Seniors also face similar challenges. Promiscuity with motor vehicles, bicycles and scooters creates a feeling of insecurity. Indeed, age-related sensory and cognitive impairments complicate risk assessment. Many seniors say they avoid shared streets for fear of an accident.

The fact that these vulnerable users avoid shared streets also calls accident data into question. How can we say that these developments are less accident-prone if part of the population avoids them?

What design rules for a space truly shared by all?

The rules for designing a shared street aim to naturally induce a reduction in speed. The removal of signs, curbs and road markings delimiting spaces aims to reduce the illusion of safety and create uncertainty in the minds of drivers to encourage them to slow down. But experience shows that removing signs is not enough to change behavior overnight.

Show Pedestrian Priority

The first step to take when designing a shared street is to make its operation visible and to leave no ambiguity about the priority scheme. This requires the installation of Share Road Signs at any entry/exit of shared streets, but also at intersections so as to remind drivers of the pedestrian priority.

The facilities present in a shared street should also encourage pedestrians to appropriate space and drivers not to feel at home. Among them are:

Creating chicanes, raised crossings and textured paving to calm the traffic speed,

Installing seats and benches,

Introducing revegetation by planting trees, installing planters and vegetable plots,

Designing a lighting homogeneous over the entire area.

Create a comfort zone for pedestrians

The concept of “comfort zone” for pedestrians was first introduced in England and then in the United States. It is described in the good practice guide published in 2017 by the Federal Highway Administration (FHWA). The comfort zone consists in an obstacle-free pedestrian route where pedestrians can move around safely without risk of conflict with other users. Where possible, the comfort zone should be aligned in proximity with building faces.

The guide recommends providing a space between the buildings and the comfort zone to allow the installation of shop signs and storefronts without them invading on the walkway.

Also to preserve the comfort zone, lighting fixtures, road signs, street furniture and café terraces should be grouped together in a “furniture zone” located between the comfort zone and the area shared with the vehicles in the center of the street. The comfort zone should be at least six feet wide so that two pedestrians can walk side by side and comfortably pass a pedestrian walking in the opposite direction.

Provide tactile walking surface indicators and visual contrast

It would of course be counterproductive to recreate the boundaries found in conventional streets. However, it is essential that blind or visually impaired people can find their way around and move around safely. They should then find two types of detectable surfaces: warning surfaces and directional indicators.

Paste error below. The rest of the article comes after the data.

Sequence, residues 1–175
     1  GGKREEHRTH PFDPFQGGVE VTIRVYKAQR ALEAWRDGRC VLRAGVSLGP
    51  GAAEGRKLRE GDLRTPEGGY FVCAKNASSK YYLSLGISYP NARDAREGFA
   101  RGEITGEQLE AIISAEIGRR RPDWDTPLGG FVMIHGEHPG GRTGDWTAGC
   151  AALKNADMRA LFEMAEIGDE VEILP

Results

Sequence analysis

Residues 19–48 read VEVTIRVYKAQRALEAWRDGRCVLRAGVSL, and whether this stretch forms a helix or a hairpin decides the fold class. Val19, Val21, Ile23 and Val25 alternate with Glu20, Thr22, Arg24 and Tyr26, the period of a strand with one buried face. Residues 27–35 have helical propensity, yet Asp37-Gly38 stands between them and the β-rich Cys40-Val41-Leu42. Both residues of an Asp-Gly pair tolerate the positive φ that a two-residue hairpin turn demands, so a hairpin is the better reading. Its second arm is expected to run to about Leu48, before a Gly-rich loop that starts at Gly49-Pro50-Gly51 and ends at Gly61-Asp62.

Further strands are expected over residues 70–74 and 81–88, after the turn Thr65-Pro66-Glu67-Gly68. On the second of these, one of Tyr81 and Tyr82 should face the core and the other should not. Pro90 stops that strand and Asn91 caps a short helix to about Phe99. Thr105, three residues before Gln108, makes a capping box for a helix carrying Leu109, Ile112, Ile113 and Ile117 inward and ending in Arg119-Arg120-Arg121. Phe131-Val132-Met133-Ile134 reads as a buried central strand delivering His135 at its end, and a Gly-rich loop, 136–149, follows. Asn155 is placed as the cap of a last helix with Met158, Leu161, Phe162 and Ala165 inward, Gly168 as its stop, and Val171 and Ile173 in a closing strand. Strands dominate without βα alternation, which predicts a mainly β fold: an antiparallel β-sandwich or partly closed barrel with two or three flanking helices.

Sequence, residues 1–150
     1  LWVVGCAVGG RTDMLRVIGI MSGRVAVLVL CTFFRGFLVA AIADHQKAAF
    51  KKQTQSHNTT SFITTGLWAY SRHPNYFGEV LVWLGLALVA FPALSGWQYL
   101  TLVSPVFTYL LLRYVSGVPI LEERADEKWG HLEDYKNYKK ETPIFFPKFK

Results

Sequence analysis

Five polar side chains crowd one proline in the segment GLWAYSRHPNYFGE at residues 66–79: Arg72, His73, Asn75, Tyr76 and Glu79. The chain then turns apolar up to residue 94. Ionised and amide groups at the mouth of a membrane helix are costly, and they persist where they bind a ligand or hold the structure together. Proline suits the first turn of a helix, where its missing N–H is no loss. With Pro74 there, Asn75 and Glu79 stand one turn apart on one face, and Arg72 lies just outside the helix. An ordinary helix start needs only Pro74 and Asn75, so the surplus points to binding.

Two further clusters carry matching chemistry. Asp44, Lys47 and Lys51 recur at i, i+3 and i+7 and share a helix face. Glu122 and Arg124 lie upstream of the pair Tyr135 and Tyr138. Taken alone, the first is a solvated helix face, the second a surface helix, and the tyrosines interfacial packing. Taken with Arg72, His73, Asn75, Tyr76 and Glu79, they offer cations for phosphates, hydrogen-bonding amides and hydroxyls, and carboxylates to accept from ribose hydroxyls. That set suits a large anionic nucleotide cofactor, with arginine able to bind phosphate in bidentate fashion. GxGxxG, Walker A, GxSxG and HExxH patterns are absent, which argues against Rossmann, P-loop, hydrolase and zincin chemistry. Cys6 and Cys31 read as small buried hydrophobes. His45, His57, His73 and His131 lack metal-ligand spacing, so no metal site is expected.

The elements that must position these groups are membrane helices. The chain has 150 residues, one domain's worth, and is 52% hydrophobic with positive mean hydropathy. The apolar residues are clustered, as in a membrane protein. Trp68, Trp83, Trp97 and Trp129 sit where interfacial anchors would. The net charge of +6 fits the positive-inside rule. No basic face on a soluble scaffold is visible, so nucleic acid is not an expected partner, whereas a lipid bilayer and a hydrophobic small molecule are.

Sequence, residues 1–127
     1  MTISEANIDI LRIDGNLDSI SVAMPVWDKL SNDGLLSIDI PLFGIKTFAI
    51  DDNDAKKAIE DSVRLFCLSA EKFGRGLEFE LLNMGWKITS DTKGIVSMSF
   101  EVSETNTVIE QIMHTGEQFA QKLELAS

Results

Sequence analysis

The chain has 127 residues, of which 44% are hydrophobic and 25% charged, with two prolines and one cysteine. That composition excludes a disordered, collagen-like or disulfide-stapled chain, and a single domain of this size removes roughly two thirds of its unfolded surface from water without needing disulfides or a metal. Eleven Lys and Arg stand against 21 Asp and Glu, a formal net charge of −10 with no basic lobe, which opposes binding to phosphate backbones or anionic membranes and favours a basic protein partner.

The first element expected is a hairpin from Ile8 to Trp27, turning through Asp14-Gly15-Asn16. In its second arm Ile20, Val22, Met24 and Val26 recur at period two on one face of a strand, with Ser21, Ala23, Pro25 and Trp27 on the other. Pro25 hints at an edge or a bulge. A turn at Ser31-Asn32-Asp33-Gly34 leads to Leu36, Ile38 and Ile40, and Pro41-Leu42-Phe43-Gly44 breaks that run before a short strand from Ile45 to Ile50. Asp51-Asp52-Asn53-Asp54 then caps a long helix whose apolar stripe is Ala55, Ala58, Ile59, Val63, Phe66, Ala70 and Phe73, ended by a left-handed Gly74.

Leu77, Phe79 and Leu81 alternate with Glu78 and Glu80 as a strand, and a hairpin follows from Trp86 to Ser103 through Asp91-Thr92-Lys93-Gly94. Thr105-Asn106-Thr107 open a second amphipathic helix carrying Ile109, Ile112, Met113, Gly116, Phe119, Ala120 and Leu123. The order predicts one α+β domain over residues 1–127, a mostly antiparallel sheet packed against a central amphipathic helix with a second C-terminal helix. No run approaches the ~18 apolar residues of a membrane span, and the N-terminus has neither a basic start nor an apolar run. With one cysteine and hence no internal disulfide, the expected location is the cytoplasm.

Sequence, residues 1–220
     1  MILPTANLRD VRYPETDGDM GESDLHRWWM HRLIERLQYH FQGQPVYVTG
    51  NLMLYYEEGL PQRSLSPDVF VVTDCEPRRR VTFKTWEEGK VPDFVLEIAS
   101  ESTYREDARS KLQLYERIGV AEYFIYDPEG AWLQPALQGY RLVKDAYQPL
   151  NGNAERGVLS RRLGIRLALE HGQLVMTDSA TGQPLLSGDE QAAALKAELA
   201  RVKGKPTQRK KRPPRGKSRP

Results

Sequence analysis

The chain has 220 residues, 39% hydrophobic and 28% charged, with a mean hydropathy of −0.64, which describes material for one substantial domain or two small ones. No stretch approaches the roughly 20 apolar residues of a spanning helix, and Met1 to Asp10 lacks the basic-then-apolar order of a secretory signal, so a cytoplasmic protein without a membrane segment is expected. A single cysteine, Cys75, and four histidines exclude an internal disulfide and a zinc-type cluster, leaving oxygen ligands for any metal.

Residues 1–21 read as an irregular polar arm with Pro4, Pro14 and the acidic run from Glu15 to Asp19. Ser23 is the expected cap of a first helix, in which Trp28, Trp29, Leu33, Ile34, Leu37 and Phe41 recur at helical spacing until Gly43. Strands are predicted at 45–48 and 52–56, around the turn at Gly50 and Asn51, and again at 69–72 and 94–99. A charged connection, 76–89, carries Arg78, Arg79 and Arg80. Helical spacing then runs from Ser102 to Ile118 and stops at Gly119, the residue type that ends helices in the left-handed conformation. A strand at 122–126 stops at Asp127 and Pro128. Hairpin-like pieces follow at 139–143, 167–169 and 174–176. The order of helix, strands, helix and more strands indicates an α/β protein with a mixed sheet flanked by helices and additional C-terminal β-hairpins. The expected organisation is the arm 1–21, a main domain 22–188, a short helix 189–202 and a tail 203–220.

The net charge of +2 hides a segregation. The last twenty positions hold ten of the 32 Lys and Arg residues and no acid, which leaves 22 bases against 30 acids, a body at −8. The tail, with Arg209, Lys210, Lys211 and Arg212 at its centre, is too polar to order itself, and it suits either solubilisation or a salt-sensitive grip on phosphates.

Detectable warning surfaces should be installed at each entry/exit of the shared street and at any intersection where vehicles have right-of-way.

Directional indicators should be installed along the comfort zone so that visually impaired people can move around without encountering obstacles. If the comfort zone is more than 11 feet wide, it is better to install directional indicators in the middle of it. If it’s less than 11 feet wide, it is better to place them on the side of the buildings while leaving space for shop signs and storefronts.

There are currently no specifications for the use of directional indicators in the United States but it can be referred to the international standard ISO 23599:2012. This guarantees that directional indicators will be easily detectable and identifiable by people who are blind or have low vision.

In the context of a new street design, it would be a shame not to take advantage of this to integrate directional indicators into the architectural design. The color of this device should contrast with the adjoining surface, either light on dark or dark on light. It should be detectable underfoot and with a white cane. It is essential to organize a consultation bringing together a maximum of users of different profiles to choose the best system. It is unfortunately common that surface treatments theoretically used to provide tactile and visual contrast are totally imperceptible to the main parties concerned.

Install audio signals

The removal of traffic lights and their associated accessible pedestrian signals (APS) from shared streets deprives blind or visually impaired people of valuable landmarks. It is therefore important to restore them by installing audio beacons. These beacons can be activated from a distance with a remote control or the MyMoveo app by Okeenea. The audio beacons have the advantage of providing useful information to visually impaired pedestrians without altering the architectural design of shared streets. Audio beacons can be attached to public lighting poles or on building faces.

We recommend installing sound beacons:

At the entries and exits of the shared street to inform visually impaired pedestrians that they are entering a shared space,

At intersections to make it easier for them to cross the streets,

Whenever an essential point of interest is present.

The audio messages broadcast by the beacons must inform blind or visually impaired pedestrians that they are in a shared street and provide information on its operation and the presence of detectable surfaces.